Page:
On the other hand, sanctuary jurisdictions counter that the Trump administration’s “latest unlawful misguided action” — as Chicago Mayor Rahm Emanuel put it — is exactly what leads to mistrust in policing and ultimately undermines public safety.
“We want you to come to Chicago if you believe in the American dream,” Emanuel told CNN. “By forcing us, or the police department, to choose between the values of the city and the philosophy of the police department, in community policing, I think it’s a false choice and it undermines our actual safety agenda.”
Chicago is by no means the first sanctuary jurisdiction to defy the Trump administration.
In April, two California counties — San Francisco and Santa Clara — won an injunction against a broader effort by the Trump administration to deny federal funds to sanctuary jurisdictions. Others — Seattle and Richmond, California, among them — have also filed lawsuits.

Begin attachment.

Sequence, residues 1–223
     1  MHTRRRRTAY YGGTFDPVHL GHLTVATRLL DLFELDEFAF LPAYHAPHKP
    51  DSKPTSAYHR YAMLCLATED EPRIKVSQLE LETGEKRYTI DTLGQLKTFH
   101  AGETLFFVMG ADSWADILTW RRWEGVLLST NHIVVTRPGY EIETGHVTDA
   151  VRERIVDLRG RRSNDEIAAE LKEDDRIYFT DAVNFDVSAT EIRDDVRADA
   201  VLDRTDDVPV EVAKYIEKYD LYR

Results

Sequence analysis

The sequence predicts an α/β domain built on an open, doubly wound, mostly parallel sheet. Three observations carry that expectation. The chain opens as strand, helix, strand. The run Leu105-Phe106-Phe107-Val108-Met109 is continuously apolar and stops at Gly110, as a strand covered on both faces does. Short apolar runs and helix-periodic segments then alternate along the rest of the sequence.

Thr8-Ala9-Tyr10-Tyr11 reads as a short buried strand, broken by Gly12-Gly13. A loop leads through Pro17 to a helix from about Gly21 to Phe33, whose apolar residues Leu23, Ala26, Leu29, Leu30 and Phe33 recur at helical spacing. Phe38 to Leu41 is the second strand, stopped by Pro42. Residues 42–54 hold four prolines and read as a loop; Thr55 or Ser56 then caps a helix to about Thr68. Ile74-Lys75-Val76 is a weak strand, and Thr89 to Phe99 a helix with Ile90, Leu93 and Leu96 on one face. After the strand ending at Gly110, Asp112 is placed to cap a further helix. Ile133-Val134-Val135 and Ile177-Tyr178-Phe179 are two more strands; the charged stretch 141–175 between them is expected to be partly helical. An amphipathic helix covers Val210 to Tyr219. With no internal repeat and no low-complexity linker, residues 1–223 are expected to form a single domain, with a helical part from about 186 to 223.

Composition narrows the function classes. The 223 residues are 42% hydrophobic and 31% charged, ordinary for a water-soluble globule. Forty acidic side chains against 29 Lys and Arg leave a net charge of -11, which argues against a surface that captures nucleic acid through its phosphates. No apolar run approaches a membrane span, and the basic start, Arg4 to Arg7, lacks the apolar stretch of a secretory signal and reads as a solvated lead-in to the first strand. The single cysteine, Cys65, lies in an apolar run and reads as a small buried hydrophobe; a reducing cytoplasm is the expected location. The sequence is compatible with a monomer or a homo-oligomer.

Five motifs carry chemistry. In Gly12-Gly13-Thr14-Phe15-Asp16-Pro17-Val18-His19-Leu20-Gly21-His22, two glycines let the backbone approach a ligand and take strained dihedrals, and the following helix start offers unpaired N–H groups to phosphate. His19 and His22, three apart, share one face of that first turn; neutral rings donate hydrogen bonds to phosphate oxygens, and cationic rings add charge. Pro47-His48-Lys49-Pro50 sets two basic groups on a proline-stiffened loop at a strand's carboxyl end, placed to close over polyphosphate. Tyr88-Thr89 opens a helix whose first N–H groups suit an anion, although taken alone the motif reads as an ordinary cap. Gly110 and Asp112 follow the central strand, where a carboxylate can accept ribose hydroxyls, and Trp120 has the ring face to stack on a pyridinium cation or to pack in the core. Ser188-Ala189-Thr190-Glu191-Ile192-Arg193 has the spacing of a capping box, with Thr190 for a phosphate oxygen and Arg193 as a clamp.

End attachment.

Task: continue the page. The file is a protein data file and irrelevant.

In Hawaii, the Honolulu City Council adopted a resolution in April, declaring the city as “a haven of aloha.” A month earlier at the Legislature, House lawmakers adopted House Resolution 76, declaring the state “a hookipa (welcoming) state.”
But advocates are hoping for more: a bill both at state and county levels to make sanctuary policies binding.
“We intend to meet with as many legislators as we can in the House and the Senate before the legislative session begins so that we lay the groundwork for the support,” Sharma said. “In an election year, our goal is to make this into a positive for them rather than their perception right now that it’s a potential negative.
Sharma says J20’s lobbying effort will continue, despite Ige’s opposition.
“If everyone else was supportive of such an action, and Gov. Ige is willing to kill it and he wants that on his shoulders, then so be it,” Sharma said. “People can then make an opinion one way or another whether they continue to support the governor.”